A question heard frequently in private practice is how do we stay on top of paperwork when our passion is engaging the client in doing meaningful work? What if clinical documentation supports them in getting additional resources such as disability or explores reunification with their children? When working with individuals or families involved in the Department of Human Services (DHS), probation, diversion, or other entities evaluating your client, the documentation you keep takes on an additional level of importance in capturing the client’s progress. So how does one balance recording the content of the session consistently while protecting client confidentiality? Balancing requirements for documentation with client privacy is an art form that requires consistency and practice.
Construction of Case Notes
Depending on your preference for hand written, typed, or electronic notes, your content and formatting of those notes could be dictated by private or state assistance insurance panels in order to process claims and receive payment for services rendered. With this in mind, most insurance panels require the following to be identified in each note:
- Full name of client and insurance ID
- Date of service
- Time of Service
- Duration of Service
- CPT Code that indicates individual therapy, family therapy, case management, etc.
- Overview of therapeutic interventions utilized in the session
- Progress towards identified treatment goals
- Current mental health diagnosis
- Client presentation in session
- Next scheduled appointment
By formatting your notes in a similar fashion, you can streamline any documentation needs from secondary parties desiring collaboration. Don’t forget a signed Release of Information from your client to facilitate collaboration!
Consistency in Content
Formatting not only provides the outline of a universal progress note, it can support consistency that will reduce the time spent on notes each week. Many therapists report frustration that their notes are behind schedule due to wanting to dedicate their time and energy to the client work. By utilizing a template for notes, it will become easier and more efficient to complete notes in a timely manner, especially in utilizing clinical language. When struggling with how to write clinical language that captures the professional interventions present in each session, it can be helpful to have some go-to phrases that indicate progress without providing too much detail. Here are some examples of common content and professional language that could be helpful in writing clinical notes:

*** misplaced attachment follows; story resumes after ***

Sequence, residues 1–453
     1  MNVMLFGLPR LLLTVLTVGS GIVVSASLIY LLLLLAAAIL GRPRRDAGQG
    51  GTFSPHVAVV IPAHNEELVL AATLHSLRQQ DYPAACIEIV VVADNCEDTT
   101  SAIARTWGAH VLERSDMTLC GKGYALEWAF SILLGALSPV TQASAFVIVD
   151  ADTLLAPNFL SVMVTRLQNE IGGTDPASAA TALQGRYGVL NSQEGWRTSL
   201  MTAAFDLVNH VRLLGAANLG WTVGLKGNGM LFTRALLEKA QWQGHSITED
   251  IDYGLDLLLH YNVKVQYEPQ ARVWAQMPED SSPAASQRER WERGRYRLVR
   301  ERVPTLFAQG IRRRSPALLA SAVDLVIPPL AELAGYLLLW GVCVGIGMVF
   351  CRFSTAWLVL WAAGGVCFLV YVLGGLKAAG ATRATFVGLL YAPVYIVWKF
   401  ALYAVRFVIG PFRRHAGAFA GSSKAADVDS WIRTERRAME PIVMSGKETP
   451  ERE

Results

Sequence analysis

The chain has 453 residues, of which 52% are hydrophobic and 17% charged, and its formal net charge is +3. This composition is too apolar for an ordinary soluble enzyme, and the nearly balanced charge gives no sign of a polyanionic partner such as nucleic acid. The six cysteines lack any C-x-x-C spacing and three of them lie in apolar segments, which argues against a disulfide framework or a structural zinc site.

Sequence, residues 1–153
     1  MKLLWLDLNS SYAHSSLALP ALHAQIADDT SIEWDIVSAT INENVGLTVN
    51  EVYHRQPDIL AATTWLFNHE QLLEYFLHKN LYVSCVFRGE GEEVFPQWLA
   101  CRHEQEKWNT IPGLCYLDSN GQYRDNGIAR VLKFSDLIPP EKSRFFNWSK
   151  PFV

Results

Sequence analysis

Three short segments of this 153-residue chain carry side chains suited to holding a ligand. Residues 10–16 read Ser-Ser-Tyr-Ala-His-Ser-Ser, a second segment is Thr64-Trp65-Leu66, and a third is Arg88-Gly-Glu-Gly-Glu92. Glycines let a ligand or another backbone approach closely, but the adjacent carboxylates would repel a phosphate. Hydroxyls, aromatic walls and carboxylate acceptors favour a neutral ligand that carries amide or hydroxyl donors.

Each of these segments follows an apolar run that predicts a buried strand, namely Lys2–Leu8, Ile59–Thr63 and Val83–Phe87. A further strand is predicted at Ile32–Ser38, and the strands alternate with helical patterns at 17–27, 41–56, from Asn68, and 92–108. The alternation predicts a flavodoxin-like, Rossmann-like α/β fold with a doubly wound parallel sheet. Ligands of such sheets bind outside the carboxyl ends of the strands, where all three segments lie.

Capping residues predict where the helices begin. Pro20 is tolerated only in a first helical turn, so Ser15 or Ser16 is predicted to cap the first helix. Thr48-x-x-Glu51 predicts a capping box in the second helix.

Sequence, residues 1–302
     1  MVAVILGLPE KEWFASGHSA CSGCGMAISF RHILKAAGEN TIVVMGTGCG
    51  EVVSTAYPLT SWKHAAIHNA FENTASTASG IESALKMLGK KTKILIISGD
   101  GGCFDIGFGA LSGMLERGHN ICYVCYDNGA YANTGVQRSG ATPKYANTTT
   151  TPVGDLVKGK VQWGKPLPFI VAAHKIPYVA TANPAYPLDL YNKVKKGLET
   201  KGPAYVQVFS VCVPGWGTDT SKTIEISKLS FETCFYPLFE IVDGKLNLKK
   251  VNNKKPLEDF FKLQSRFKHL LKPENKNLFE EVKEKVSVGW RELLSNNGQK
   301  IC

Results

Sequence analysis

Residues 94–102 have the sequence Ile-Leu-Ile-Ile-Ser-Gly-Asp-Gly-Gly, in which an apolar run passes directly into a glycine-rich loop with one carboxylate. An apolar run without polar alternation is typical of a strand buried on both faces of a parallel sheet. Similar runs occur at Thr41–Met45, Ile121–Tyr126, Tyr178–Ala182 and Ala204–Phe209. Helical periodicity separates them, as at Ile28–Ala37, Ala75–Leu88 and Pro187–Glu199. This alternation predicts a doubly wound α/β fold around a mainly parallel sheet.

Confidentiality for Clients
In addition to clinical documentation supporting professional record keeping in line with ethical requirements, another component it can support is client confidentiality. It can feel like a fine line providing adequate written evidence of professional interventions without violating client privacy.
One strategy to ask yourself is, “would my client feel uncomfortable with my notes being seen in court or by others?” If the answer is yes, you may want to re-evaluate how you write your notes to support clear, concise interventions that would not put confidentiality at risk. Below are some documentation tips to consider in supporting client privacy:
- Keep client direct quotes to a minimum. They are best included when capturing safety concerns. Client reported “I want to die” leading to assessment and safety planning in session.
- Avoid emotion-driven language without evidence such as, client was happy/sad/angry in session.
- Support ownership of statements such as, this writer observed or client reports when documenting statements or content of a session.
- Keep language neutral. It is best to avoid a positive or negative tone in notes to prevent accusations of bias or alignment that would put professionalism in question.
It is recommended you seek consultation or supervision to further explore your documentation needs. Your professional organizations can provide ethical guidelines whereas insurance panel websites offer Providers valuable templates for clinical documentation that meet audit standards. With luck, you will perfect your clinical writing to maximize time in therapeutic interventions while remaining compliant with documentation needs to best serve your clients and your practice.